5/11/2018 10:22:09 AM
From Sherry Lucas
Angel Rohnke believed “The Science of Ripley’s Believe It or Not!” would be a hit with kids. Her son, Oren, just 2, got down on his hands and knees and proved it.
“He was just in that Titanoboa going back and forth, back and forth!” she says, laughing about her toddler’s crawl through the replica of an ancient, long-as-a-school-bus snake when they saw the exhibit in Rochester, N.Y., this past Christmas. “Thankfully, Oren had his new light-up shoes, so I could keep up with him!”
It also inspires Rohnke, the assistant director of Mississippi Department of Wildlife, Fisheries, and Park’s (MDWFP) Mississippi Museum of Natural Science, that this long-sought exhibit is finally coming to Jackson. “The Science of Ripley’s Believe It or Not!” has the summer spot on the museum schedule. It will open to the public May 19 and remain on view through Sept. 9.
Rohnke had been trying to snag the highly popular traveling exhibit for years.
“It was booked out until 2020. I just kept touching base with them every few months,” Rohnke says—and the museum got in when a spot opened. “We’re always looking for something different and fun. That whole curiosity—the investigation and exploration for kids—they just love that stuff.”
“We all grew up hearing about Ripley’s,” says museum director Charles Knight, who has taken his son, Samuel, to Ripley’s attractions in Panama City Beach, Fla., and Gatlinburg, Tenn.
The 6,000-square-foot attraction will fill the entire exhibit hall and atrium at MDWFP’s Mississippi Museum of Natural Science, with a few pieces at the building’s entrance as well. The exhibit’s eight zones focus on such tantalizing topics as “Extreme Biology,” “Weird World,” “Gallery of the Unexpected” and “Perceptions and Illusions.”
“The Science of Ripley’s Believe It or Not!” also illuminates the man behind the title: Robert L. Ripley (1890–1949). Ripley was a cartoonist, explorer, reporter, and adventurer who collected stories and artifacts from around the world. Driven by curiosity about the unknown, the unusual, and the unexplained, he became a super-star in the first half of the 20th century from his daily “Believe It or Not!” feature, a weekly radio show, and, eventually, TV show.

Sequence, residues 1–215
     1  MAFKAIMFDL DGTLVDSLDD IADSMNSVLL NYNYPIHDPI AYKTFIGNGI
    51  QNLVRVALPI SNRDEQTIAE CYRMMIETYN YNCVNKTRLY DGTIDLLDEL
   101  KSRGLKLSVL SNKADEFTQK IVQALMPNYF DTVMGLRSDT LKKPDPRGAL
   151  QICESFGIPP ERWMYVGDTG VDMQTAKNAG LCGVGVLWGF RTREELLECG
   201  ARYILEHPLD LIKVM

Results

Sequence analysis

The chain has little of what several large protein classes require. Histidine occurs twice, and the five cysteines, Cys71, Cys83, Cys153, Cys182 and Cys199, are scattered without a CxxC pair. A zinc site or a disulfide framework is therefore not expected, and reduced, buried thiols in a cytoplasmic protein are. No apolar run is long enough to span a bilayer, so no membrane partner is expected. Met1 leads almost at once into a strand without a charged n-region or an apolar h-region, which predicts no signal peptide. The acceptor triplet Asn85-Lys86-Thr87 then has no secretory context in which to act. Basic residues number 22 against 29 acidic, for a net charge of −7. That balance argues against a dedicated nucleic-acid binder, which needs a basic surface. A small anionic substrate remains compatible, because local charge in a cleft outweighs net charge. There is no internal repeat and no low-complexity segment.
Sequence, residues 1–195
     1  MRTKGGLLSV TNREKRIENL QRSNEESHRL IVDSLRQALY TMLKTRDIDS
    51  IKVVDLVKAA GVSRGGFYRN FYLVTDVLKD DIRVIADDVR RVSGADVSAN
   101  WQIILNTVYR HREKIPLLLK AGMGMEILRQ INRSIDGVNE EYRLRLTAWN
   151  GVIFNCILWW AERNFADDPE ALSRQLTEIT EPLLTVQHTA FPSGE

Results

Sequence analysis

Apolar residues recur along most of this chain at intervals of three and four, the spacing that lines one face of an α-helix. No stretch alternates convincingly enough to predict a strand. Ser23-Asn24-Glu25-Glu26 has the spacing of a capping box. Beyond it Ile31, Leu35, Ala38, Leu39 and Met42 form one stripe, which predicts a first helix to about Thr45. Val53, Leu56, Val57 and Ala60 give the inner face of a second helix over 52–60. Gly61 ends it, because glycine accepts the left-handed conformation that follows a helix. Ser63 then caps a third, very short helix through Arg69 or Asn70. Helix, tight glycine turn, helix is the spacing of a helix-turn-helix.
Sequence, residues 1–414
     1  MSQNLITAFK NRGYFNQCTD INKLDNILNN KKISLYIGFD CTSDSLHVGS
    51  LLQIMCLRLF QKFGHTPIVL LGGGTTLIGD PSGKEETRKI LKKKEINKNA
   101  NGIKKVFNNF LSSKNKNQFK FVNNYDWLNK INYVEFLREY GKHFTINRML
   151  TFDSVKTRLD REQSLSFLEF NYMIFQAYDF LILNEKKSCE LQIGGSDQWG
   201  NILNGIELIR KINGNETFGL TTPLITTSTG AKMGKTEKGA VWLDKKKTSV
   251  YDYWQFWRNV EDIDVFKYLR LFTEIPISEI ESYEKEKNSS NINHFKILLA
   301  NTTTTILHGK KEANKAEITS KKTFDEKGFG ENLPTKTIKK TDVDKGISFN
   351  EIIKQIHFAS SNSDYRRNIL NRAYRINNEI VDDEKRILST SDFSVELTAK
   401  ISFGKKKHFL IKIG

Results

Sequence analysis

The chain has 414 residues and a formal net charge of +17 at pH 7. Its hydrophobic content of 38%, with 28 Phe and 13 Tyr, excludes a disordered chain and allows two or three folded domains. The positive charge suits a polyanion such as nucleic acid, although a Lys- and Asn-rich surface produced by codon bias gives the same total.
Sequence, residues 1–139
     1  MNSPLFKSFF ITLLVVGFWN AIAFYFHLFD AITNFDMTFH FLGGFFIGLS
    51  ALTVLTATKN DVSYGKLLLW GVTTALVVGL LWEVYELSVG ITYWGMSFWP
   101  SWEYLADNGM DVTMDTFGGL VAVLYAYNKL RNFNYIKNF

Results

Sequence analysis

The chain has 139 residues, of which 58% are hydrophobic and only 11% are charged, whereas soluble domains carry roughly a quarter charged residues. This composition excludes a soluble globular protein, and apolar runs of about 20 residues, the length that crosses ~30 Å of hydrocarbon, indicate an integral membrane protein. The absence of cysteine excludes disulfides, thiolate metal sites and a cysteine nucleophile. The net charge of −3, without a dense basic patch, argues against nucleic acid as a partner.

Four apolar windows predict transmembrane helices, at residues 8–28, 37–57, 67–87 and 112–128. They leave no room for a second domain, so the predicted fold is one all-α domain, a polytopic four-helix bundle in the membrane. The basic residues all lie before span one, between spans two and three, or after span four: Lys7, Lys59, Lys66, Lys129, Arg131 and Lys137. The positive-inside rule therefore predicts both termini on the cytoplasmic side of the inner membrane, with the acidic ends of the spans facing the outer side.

His “Odditoriums,” often associated with World’s Fairs, displayed his huge collection. Entrepreneur John Arthur bought the bulk of his collection at auction after the explorer’s death, and opened the first permanent “Ripley’s Believe it or Not!” museum in St. Augustine, Fla., in late 1950. Today, the company operates more than 100 attractions in 11 countries.
Renowned science centers Science North and Dynamic Earth in Sudbury, Ontario, Canada, collaborated with Ripley Entertainment to create the interactive exhibit that first opened in spring 2013.
The idea was exciting from the outset, wedding a traditional family entertainment brand with a respected science center, says Ripley’s spokesperson John Corcoran.
“This was the most popular show they’ve ever done,” he says. Scheduled for an 18-stop run, the traveling exhibit had sold half the slots before it was even built. Mississippi is its 15th stop, and by the time it gets to Jackson, its visitor count will be approaching 2 million.
“We learned quickly, this type of exhibit is very appealing to children, because it’s so quirky, original, and fun. We got to take those traditional exhibits and explain the science behind them,” Corcoran says. “Kids don’t notice we slipped a little bit of knowledge in.” A study at the exhibit’s first location showed a learning boost after visitors viewed the show.
Photo opportunities abound at the exhibit, where kids can stand in the open mouth of Titanoboa, see how they would fit in the giant jaws of Megalodon, get a selfie with a transformer sculpture made of car parts, or take a seat in a massive chair made for one of the world’s tallest people. A scavenger hunt for the world’s tiniest animals—fish, mammal, amphibian, bird, and reptile—catches extreme biology at the other end of the scale.
Visitors can measure their own height against that of 8-foot-11 Robert Wadlow, plus see a life-size animated figure of the man as they learn what made him grow. They can find out how to really bug up a meal with nutritious insects (and watch a virtual character try it). Another kid magnet is the chance to dance and capture your moves in vivid silhouettes.
The unique and unusual—human-made style—gets a spotlight, too, such as the Matchstick Rolls Royce, which is a two-thirds-size 1907 Silver Ghost Rolls Royce made of more than a million matchsticks.
“Believe It or Not!” Fun Friday activities at the museum in June and July will feature astonishing humans, amazing animals, or crazy STEM challenges, suitable for families or groups with children 4 and older.
“The Science of Ripley’s Believe it or Not!” has universal appeal, Rohnke says—families, summer camps, even senior citizen groups—and the schedule dovetails with the museum’s peak visitation in June and July (12,000 to 15,000 a month).
“I’ve known about Ripley’s as long as I can remember,” Knight says, “and loved it.
“We always focus on our conservation message, but we also are a place of entertainment and a place for families to have fun. One of the things that people ask about the most is the two-headed snake, and it fits right in with this.”
Ditto for the super-long catfish, donated by a fisherman and now swimming in the museum’s Pearl River tank.
“It’s just cool. People want to be entertained, and they want to see something like that,” Knight says. “And, they pick up on the conservation while they’re here.”
Admission to MDWFP’s Mississippi Museum of Natural Science is $6 for adults and $4 children 3 and older. Admission is free for children younger than 3 and museum members. For more information, call (601) 576-6000 or visit www.mdwfp.com/museum.
Sherry Lucas is a freelance writer for Mississippi Outdoors.